BP’s Fight to Stop the Payment of ‘Fictitious’ Claims
The blowout of BP’s Macondo well in April 2010 signaled the start of what became the industry’s largest ever accidental release of oil. The failure of the well’s Blowout Preventer and the lack of an effective containment plan exacerbated the disaster by allowing oil to be discharged for another 87 days following the blowout. An estimated 5 billion barrels of oil would be released into the Gulf before BP successfully capped the well.
In the aftermath of the spill, several important considerations pressed BP to pursue a legal course premised on compromise and settlement. First, as one of the world’s leading investors and producers in the Gulf of Mexico, the oil company had a significant incentive to engage in good faith efforts to equitably settle claims of Gulf area residents suffering spill-related damages. Next, BP likely wanted to avoid the more litigious approach taken by Exxon following the 1989 Exxon-Valdez spill, which resulted in 20 years of litigation and finally culminated with a plaintiff victory in 2009.Lastly, a settlement based approach was necessary to revive the public image of a company whose stock price had tumbled nearly 25% from pre-spill levels.
A. Settlement With Private Plaintiffs
For the above reasons, BP quickly accepted legal liability as a “responsible party” under the Ocean Pollution Act and, at the urging of the Obama Administration, created a $20 billion settlement fund to go towards spill-related claims. Over the next 18 months BP would pay over $6.3 billion to satisfy the claims of affected businesses and individuals.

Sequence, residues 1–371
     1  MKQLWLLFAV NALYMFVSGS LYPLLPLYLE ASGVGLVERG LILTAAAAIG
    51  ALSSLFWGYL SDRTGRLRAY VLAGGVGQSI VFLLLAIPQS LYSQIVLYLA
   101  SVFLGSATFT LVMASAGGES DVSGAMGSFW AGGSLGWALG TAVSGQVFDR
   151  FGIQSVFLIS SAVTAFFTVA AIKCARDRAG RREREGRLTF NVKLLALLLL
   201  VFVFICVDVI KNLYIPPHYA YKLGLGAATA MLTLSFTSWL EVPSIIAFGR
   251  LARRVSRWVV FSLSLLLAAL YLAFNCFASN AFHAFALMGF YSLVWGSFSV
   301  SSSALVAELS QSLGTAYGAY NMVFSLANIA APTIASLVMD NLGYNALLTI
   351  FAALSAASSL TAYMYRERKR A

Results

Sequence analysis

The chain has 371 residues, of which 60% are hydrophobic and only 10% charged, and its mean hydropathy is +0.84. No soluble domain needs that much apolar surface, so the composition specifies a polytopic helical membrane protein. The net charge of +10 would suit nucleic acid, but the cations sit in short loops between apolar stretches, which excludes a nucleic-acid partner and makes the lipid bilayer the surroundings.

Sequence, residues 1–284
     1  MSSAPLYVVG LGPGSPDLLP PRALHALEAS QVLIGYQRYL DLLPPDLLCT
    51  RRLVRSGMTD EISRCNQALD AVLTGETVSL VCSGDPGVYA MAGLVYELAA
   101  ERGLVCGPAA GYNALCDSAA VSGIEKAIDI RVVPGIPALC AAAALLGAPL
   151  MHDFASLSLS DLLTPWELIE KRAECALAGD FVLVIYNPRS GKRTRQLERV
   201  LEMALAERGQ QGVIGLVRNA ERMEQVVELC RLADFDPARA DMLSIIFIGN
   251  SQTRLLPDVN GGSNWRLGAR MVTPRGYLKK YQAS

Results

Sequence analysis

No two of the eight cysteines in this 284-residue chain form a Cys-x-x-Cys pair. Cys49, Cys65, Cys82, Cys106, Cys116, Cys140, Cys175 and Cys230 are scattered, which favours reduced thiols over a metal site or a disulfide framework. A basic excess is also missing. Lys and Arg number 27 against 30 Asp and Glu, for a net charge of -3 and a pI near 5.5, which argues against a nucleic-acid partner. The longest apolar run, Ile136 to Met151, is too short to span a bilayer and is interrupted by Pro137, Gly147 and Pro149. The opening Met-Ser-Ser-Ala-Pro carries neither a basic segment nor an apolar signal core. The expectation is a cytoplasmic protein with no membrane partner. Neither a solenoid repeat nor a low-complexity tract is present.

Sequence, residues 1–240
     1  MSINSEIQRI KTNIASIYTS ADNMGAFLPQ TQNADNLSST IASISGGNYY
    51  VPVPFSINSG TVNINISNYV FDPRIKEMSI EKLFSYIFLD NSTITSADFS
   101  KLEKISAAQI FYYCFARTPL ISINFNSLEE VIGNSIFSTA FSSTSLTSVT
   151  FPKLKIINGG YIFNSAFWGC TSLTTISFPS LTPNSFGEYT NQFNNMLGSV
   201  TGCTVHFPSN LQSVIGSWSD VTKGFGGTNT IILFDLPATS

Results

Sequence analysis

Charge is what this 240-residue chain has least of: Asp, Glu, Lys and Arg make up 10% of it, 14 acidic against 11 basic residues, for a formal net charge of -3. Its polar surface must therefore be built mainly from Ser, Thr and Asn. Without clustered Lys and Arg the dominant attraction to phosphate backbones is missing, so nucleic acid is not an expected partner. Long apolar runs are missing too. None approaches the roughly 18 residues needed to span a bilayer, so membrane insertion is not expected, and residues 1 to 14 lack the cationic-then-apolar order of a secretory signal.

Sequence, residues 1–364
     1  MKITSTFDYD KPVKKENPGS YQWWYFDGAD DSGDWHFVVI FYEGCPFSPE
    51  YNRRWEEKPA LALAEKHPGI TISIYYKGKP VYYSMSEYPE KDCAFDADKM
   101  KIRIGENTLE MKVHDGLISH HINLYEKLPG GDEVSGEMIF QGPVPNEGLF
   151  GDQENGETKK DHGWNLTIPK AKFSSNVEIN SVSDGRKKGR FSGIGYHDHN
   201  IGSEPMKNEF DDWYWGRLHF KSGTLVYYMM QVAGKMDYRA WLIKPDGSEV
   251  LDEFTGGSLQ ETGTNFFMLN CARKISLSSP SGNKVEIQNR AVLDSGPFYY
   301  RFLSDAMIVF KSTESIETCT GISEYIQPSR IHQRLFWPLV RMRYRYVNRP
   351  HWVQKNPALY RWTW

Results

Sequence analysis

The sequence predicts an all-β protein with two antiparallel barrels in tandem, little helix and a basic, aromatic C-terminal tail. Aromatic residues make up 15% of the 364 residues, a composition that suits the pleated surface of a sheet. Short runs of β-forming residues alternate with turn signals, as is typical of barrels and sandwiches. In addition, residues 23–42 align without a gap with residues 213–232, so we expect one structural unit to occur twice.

In February 2011, BP began negotiating a class settlement (“the Settlement”) with most private plaintiffs still having spill-related claims. The Eastern District of Louisiana gave final approval of the compromise reached by the parties in December 2012 and appointed a Claims Administrator to carry out claim payments. Issues, however, quickly arose between the two parties as BP began to question the validity of payments for economic (i.e. business) related losses under the agreement. Under the Settlement, any individual who conducted commercial activities in the Gulf region and could produce evidence of decreased earnings following the spill was entitled to recover under the agreement. Reduced earnings were to be established by comparing profits earned during a sample pre-spill period (“Benchmark period”) selected by the claimant to that received during a post-spill period (“Compensation Period”) also chosen by the claimant.
B. Conflicting Interpretations
The current dispute over the Settlement largely hinges on the differing interpretations of the agreement taken by the Claims Administrator and BP. The Claims Administrator interpreted the settlement as allowing recovery whenever a claimant could show that they received reduced profits during the Compensation period when compared with the same monthly period during the Benchmark period. This approach was premised on the idea that once the claimant satisfied these criteria, economic losses were “presumed to be attributable to the oil spill.” Moreover, the Administrator pointed out that the Settlement did not authorize any additional procedures aimed at identifying any possible alternative causes for losses established by claimants.